The 9th Circuit Court of Appeals ruled President Donald Trump's executive order threatening a withholding of federal grants to jurisdictions with so-called sanctuary laws is unconstitutional. Such local governments have laws prohibition cooperation with federal immigrations officials. File Photo by Howard Shen/UPI | License Photo
Aug. 1 (UPI) -- A federal appeals court on Wednesday ruled the Trump administration's threat to deny federal grants to jurisdictions with so-called "sanctuary" policies is unconstitutional.
The 9th U.S. Circuit Court of Appeals ruled in favor of a lower judge's ruling for the city of San Francisco and Santa Clara County in California. The two jurisdictions sued President Donald Trump in February after he signed an executive order putting the country's local governments on notice that they would lose federal funding if they refused to cooperate with federal immigration enforcement.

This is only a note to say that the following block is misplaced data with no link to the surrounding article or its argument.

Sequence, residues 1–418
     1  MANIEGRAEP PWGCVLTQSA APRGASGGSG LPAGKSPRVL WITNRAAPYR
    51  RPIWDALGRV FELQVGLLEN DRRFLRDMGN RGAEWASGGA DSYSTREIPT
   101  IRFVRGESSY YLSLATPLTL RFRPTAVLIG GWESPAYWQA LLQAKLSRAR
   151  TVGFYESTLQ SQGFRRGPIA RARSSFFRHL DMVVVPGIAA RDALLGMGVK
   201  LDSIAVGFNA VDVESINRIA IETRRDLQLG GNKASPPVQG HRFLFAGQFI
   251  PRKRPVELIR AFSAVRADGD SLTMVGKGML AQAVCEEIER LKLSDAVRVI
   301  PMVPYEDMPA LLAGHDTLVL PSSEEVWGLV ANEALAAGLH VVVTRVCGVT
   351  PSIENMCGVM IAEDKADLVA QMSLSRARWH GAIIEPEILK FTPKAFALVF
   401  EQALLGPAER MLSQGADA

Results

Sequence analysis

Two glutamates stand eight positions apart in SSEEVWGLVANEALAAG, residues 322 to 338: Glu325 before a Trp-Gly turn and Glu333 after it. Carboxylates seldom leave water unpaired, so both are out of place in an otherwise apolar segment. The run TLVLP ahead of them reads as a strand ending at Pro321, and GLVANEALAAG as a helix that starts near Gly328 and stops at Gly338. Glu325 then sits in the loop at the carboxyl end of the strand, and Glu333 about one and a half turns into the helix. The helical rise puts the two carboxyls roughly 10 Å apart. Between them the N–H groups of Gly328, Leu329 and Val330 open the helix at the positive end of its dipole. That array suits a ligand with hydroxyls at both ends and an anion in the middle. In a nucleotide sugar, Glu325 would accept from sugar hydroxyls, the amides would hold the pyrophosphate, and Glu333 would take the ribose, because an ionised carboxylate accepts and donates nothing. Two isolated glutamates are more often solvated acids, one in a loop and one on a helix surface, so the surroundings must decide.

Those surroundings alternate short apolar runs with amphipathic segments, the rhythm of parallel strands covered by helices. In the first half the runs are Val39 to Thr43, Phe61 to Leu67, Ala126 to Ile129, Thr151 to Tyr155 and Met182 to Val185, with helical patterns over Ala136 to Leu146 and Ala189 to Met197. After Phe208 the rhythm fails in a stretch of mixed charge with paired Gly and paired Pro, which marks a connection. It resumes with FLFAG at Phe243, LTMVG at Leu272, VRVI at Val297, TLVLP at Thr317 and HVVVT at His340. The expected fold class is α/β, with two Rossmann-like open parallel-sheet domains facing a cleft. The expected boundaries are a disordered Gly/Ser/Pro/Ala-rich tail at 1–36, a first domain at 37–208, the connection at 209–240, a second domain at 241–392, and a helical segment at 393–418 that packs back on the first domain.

"We conclude that, under the principle of separation of powers and in consideration of the spending clause, which vests exclusive power to Congress to impose conditions on federal grants, the executive branch may not refuse to disperse the federal rants in question without congressional authorization," Judge Sidney Thomas wrote in the ruling opinion.
The three-judge panel, though, said District Judge William Orrick III of San Francisco went too far in November when he ruled to permanently block the executive order. The appeals court removed the injunction, saying that though it agrees with relief for San Francisco and Santa Clara County, the judge wasn't within his power to implement a nationwide injunction.
In its lawsuit, San Francisco said Trump's orders violate the Constitution's provisions protecting state rights, which extend to cities.
San Francisco City Attorney Dennis Herrera said San Francisco could lose $1.2 billion a year in federal funding, which is mostly used for healthcare, nutrition and other programs for the city's poor. The city has had a sanctuary policy since 1989.
In June, the Justice Department asked the Supreme Court to stay a ruling by District Judge Harry D. Leinenweber in Chicago which blocked Trump's sanctuary city executive order.
Trump said some of the people protected by sanctuary policies include "bad actors," "predators," "rapists" and "killers" during a sanctuary cities roundtable event in March.